2.4.1. Measurement of Capillary Pressure

The effect of the injection rate on the results of CO2 flooding CH4 can be interpreted by comparing the viscous pressure drop generated by the flow and the capillary pressure. Therefore, we conducted an experiment using the semipermeable plate method to measure the capillary force [25] and then we measured the correlation of the capillary force with water saturation. First, the core was saturated with water. Then the displacement pressure difference between the two ends was established by using vacuum extraction. This pressure difference is balanced with a certain capillary force and different displacement pressure differences correspond to different capillary forces. Under a displacement pressure difference, the non-wet phase fluid (gas) displaces the wet phase fluid (the formation water) in the core. Therefore, the saturation of the wet phase (water) decreases as the displacement pressure difference increases. According to the displacement pressure balanced with the capillary pressure and the corresponding wet phase (water) saturation in the core during the displacement process, the correlation of the capillary force with the wet phase (water) saturation can be obtained. According to the research of Zou et al. [26,27], for a tight sandstone gas core, a hydrophilic semipermeable plate with a threshold pressure of 3 MPa should be selected. Thus, after the wet phase fluid saturates the semipermeable plate, the wet phase fluid can only pass through the semipermeable plate as a result of the capillary pressure until the displacement pressure is not less than the threshold pressure of the semipermeable plate. It is worth noting that the equilibration time should exceed 72 h for each pressure point.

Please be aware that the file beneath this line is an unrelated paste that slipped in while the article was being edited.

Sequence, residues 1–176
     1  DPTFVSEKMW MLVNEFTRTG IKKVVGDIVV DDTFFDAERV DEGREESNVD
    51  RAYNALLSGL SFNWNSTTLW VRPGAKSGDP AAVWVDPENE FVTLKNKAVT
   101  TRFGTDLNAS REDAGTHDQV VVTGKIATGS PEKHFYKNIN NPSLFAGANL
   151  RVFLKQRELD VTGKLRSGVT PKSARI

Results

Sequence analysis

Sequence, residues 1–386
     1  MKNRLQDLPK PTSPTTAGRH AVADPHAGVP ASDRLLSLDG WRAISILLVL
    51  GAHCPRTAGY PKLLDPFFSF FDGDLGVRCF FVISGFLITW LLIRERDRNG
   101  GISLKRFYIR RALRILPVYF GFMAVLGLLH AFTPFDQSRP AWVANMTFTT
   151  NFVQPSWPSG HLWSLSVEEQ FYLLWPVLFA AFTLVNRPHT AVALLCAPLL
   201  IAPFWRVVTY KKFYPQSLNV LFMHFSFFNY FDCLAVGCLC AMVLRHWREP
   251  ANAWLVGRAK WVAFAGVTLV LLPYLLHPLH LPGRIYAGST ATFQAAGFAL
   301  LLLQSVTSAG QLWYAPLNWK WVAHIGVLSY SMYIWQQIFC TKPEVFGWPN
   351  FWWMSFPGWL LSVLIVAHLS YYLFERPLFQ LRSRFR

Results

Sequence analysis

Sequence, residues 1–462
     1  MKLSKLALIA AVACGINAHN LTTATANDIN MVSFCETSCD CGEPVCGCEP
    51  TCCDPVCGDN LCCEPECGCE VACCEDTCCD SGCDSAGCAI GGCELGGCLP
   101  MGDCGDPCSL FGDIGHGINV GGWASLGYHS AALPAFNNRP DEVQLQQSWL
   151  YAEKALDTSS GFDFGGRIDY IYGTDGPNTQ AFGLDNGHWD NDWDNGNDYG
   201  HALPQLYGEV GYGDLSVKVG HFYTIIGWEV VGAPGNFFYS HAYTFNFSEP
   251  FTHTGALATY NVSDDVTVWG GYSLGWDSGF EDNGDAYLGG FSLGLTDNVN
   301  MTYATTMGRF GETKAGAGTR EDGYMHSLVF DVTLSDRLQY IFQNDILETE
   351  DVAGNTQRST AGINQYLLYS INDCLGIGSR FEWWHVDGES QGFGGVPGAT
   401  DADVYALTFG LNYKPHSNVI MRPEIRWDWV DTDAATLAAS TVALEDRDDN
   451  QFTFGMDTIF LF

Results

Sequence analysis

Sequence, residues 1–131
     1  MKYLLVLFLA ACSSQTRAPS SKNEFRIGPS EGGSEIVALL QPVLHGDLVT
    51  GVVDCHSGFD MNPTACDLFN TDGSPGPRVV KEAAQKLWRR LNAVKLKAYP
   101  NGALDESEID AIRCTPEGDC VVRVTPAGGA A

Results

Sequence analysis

2.4.2. Measurement of CH4 Recovery and CO2 Storage Efficiency through CO2 Flooding

Generally, higher water saturation always exists in tight sandstone gas reservoirs in China. As a consequence, irreducible water saturation under conditions of confining pressure and a displacement pressure drop should be established in the experiment first. The simulated formation water was injected into the long-core and CH4 was used to displace the water until the simulated formation water did not flow out of the long-core outlet.